CHICAGO, Illinois (CNN) -- The ex-wife of Jack Ryan, the Republican candidate for the U.S. Senate in Illinois, alleged in court papers filed in 2000 that he took her to sex clubs and asked her to engage in sexual activity in front of other patrons.
Portions of the documents, which related to a visitation dispute over the couple's son, were released Monday, after a judge in Los Angeles ordered them unsealed.
At a news conference Monday, Ryan reiterated the denial he made in his initial legal response to the charges by TV actress Jeri Lynn Ryan, in which he called the allegations "ridiculous" and "smut" and insisted he was "faithful and loyal to my wife throughout our marriage."
"I am sticking by the exact things I said five years ago," he said. "No one has ever said that I haven't abided by every single law or abided by my marriage vows or abided by commitments I've made to people."
Ryan also said he intends to stay in the Senate race, despite unease among fellow Republicans about the potential political fallout.
"I think we'll be victorious in November," he said.
Jeri Ryan, who starred in the TV shows "Boston Public" and "Star Trek: Voyager," also issued a conciliatory statement, saying that she now considers her ex-husband "a friend" and has "no doubt that he will make an excellent senator."
While not addressing the sex club allegations directly in her statement, she said that "there was never any physical abuse in our marriage -- either to myself or to our son -- nor, to my knowledge, was he ever unfaithful to me."
"Jack is a good man, a loving father, and he shares a strong bond with our son. I wish him all the best," she said.
Several Chicago media organizations had sued for release of documents relating to the Ryans' divorce, saying the public interest outweighed their concerns about privacy and the possible effect on their now 9-year-old son. Friday, a judge in Los Angeles, where their divorce was litigated, agreed to unseal portions of more than 360 pages of documents, although large parts remained blacked out.
Both Ryans had objected to the release of details in the documents, but they opted not to appeal the ruling.
Jeri Ryan said her then-husband took her on three "surprise trips" in the spring of 1998 to New Orleans, New York and Paris, during which he took her to sex clubs. She said she refused to go in the first and went into the second at his insistence.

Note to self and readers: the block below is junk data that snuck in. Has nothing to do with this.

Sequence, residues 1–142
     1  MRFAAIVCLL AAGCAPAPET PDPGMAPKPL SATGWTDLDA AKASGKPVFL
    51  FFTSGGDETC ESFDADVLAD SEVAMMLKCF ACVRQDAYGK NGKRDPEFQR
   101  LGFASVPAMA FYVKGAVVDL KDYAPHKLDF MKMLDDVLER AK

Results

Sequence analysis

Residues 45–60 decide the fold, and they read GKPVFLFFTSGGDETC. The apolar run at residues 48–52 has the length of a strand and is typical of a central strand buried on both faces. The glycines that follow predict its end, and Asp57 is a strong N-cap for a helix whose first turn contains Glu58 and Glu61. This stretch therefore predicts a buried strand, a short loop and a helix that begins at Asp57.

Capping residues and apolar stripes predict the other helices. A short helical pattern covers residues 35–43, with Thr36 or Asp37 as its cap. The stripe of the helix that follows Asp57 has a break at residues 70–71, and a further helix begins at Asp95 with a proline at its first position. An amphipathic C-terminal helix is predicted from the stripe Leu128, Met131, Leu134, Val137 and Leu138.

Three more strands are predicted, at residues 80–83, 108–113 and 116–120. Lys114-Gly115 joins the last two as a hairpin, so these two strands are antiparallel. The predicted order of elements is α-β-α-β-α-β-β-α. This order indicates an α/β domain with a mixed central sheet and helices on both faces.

"It was a bizarre club with cages, whips and other apparatus hanging from the ceiling," she said in the court document, adding that her husband "wanted me to have sex with him there, with another couple watching. I refused."
She said on arriving at the third club, in Paris, "people were having sex everywhere. I cried. I was physically ill. [He] became very upset with me and said it was not a 'turn on' for me to cry."
In his legal response to her allegations, Jack Ryan said while he did arrange "romantic getaways" for the couple, they "did not include the type of activities she describes."
"We did go to one avant garde nightclub in Paris, which was more than either one of us felt comfortable with. We left and vowed never to return," he said.
Ryan, 44, a wealthy former investment banker, is locked in a tight race with Democrat Barack Obama for the seat being vacated by retiring GOP Sen. Peter Fitzgerald -- a potentially key contest in the battle for control of the evenly divided Senate.
Rumors about allegations in Ryans' divorce documents swirled during the GOP primary, but Ryan steadfastly refused to release them.
He said Monday that he and his wife tried to keep the documents sealed out of fear of the possible impact on their son, Alex.
"Jeri Lynn and I long ago put those issues behind us," he said. "It's not helpful for my son ... to reopen those conversations."
Ryan said he believes voters will not hold the allegations against him.
"I think that when voters look into their hearts and minds and say, 'Can we trust this fellow Jack Ryan, or does he try to do the best he can, or is he in this job for the right reasons?' I think they'll see that same sincerity to try do the right thing, though knowing that in the end that I am human and I do fail."